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09:00 | Deadlock Detection for Actor-based Coroutines SPEAKER: Keyvan Azadbakht ABSTRACT. In this paper we introduce a new method for detecting deadlock in the coroutine mode of the method execution of a single actor. The underlying actor-based language features asynchronous method calls and supports coroutines which allow for the cooperative scheduling of the tasks belonging to an actor. We model the local behavior of an actor as a well-structured transition system by means of predicate abstraction and derive the decidability of the occurrence of deadlocks caused by the coroutine mode of method execution. |

09:30 | SPEAKER: Mario S. Alvim ABSTRACT. This paper concerns the analysis of information leaks in security systems. We address the problem of specifying and analyzing large systems in the (standard) channel model used in quantitative information flow (QIF). We propose several operators which match typical interactions between system components. We explore their algebraic properties with respect to the security-preserving refinement relation defined by Alvim et al. and McIver et al. We show how the algebra can be used to simplify large system specifications in order to facilitate the computation of information leakage bounds. We demonstrate our results on the specification and analysis of the Crowds Protocol. Finally, we use the algebra to justify a new algorithm to compute leakage bounds for this protocol. |

10:00 | SPEAKER: Jingyi Wang ABSTRACT. Modeling and verifying real-world cyber-physical systems are challenging, especially so for complex systems where manually modeling is infeasible. In this work, we report our experience on combining model learning and abstraction refinement to analyze a challenging system, i.e., a real-world Secure Water Treatment (SWaT) system. Given a set of safety requirements, the objective is to either show that the system is safe with a high probability (so that a system shutdown is rarely triggered due to safety violation) or otherwise. As the system is too complicated to be manually modelled, we apply latest automatic model learning techniques to construct a set of Markov chains through abstraction and refinement, based on two long system execution logs (one for training and the other for testing). For each probabilistic property, we either report it does not hold with a certain level of probabilistic confidence, or report that it holds by showing the evidence in the form of an abstract Markov chain. The Markov chains can subsequently be implemented as runtime monitors in SWaT. This is the first case study of applying model learning techniques to a real-world system as far as we know. |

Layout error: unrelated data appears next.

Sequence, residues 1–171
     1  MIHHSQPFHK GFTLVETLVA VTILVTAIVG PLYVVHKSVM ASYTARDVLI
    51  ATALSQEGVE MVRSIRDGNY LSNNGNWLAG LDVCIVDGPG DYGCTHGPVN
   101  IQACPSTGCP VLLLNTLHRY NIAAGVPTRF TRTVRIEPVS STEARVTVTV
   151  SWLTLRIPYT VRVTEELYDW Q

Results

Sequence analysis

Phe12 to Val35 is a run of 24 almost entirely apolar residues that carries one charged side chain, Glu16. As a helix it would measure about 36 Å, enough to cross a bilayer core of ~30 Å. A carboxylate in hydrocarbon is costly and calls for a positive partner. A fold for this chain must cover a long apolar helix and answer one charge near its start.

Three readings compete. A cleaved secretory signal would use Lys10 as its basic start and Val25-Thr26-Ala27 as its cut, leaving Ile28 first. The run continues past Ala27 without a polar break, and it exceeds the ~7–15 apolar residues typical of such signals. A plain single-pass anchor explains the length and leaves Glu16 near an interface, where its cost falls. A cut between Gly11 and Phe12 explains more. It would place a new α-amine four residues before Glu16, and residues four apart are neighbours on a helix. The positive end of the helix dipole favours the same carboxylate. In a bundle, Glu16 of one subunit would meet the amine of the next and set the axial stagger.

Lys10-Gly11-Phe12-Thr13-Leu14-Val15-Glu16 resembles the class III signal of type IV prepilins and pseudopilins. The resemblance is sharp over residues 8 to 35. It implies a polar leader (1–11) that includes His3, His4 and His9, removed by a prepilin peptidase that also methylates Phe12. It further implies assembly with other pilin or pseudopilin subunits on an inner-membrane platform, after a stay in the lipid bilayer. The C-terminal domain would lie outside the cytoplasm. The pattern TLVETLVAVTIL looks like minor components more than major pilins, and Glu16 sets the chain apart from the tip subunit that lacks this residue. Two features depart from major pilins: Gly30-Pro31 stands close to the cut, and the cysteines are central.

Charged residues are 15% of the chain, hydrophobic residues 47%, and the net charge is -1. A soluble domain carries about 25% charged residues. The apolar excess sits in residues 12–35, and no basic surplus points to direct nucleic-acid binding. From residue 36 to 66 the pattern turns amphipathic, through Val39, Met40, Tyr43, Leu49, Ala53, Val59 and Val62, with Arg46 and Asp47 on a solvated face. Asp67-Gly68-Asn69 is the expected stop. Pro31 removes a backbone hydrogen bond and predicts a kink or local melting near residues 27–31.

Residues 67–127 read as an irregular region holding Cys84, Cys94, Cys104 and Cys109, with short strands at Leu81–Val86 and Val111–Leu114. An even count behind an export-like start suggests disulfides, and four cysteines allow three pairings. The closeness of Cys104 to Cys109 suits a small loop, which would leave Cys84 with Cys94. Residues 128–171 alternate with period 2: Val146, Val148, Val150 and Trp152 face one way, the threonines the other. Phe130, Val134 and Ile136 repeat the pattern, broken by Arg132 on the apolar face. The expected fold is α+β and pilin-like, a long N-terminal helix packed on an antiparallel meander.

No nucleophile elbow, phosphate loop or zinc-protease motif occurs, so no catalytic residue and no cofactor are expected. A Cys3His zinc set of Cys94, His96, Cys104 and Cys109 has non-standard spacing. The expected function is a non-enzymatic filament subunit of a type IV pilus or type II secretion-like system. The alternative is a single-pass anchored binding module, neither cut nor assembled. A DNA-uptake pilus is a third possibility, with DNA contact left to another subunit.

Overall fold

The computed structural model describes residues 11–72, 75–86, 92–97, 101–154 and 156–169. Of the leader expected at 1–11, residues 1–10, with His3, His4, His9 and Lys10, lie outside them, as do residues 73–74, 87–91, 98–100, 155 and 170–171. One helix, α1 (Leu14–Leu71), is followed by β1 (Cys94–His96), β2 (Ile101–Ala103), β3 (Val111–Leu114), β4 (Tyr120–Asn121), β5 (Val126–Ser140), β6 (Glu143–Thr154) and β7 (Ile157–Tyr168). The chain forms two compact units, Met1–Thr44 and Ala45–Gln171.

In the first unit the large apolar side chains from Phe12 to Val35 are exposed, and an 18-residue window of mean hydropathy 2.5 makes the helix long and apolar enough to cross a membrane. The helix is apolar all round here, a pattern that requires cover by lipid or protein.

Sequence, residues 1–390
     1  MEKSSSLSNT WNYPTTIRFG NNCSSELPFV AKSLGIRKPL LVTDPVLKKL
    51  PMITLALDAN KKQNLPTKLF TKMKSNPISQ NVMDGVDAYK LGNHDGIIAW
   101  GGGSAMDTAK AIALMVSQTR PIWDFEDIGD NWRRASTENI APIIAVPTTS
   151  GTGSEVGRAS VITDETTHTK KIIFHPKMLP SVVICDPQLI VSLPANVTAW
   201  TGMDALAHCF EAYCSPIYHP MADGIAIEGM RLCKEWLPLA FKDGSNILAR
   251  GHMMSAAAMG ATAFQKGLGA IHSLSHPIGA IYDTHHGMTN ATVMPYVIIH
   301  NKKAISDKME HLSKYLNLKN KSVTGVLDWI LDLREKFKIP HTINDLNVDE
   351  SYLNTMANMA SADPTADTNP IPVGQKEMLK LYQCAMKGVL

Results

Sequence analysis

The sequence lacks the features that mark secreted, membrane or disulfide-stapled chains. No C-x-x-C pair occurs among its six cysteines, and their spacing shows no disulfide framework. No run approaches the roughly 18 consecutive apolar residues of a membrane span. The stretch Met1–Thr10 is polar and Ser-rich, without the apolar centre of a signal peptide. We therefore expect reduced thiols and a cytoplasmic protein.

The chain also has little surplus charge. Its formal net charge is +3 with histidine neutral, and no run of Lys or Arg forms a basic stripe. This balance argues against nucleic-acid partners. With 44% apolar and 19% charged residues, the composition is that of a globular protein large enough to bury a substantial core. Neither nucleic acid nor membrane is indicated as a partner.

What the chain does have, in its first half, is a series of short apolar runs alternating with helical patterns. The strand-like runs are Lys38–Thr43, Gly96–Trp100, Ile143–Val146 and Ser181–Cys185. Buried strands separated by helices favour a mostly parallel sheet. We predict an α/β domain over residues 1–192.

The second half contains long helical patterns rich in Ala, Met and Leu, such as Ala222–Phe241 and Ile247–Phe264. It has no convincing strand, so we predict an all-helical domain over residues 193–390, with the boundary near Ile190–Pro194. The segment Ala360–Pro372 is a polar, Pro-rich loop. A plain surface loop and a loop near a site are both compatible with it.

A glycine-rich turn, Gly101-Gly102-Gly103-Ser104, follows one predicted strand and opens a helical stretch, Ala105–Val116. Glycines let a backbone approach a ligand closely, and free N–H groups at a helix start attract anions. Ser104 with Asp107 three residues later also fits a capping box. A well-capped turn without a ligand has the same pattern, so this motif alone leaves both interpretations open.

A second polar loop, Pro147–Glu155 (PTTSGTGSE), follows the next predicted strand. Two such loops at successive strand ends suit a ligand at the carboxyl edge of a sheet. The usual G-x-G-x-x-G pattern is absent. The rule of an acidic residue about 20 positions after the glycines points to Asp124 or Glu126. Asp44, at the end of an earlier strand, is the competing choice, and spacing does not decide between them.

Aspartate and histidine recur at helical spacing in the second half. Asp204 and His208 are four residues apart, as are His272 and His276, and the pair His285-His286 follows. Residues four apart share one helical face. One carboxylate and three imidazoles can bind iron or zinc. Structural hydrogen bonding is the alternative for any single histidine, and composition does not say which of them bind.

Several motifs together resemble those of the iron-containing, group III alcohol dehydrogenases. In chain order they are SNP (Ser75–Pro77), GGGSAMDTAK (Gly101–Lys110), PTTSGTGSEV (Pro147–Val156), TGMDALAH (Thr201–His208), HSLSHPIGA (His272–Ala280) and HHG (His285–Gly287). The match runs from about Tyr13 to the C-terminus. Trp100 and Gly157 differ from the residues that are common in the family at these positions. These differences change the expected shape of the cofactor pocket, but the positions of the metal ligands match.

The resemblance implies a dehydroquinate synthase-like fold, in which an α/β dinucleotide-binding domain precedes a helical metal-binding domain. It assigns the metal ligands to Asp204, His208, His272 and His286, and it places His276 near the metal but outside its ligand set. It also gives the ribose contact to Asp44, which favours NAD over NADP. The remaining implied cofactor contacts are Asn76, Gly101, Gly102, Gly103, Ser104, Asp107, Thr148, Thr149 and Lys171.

12:00 | FSM Inference from Long Traces SPEAKER: Florent Avellaneda ABSTRACT. Inferring a minimal finite state machine (FSM) from a given set of traces is a fundamental problem in computer science. Although the problem is known to be NP-complete, it can be solved efficiently with SAT solvers when the given set of traces is relatively small. On the other hand, to infer an FSM equivalent to a machine which generates traces, the set of traces should be sufficiently representative and hence large. However, the existing SAT-based inference techniques do not scale well when the length and number of traces increase. In this paper, we propose a novel approach which processes long traces incrementally. The experimental results indicate that it scales sufﬁciently well and time it takes grows slowly with the size of traces. |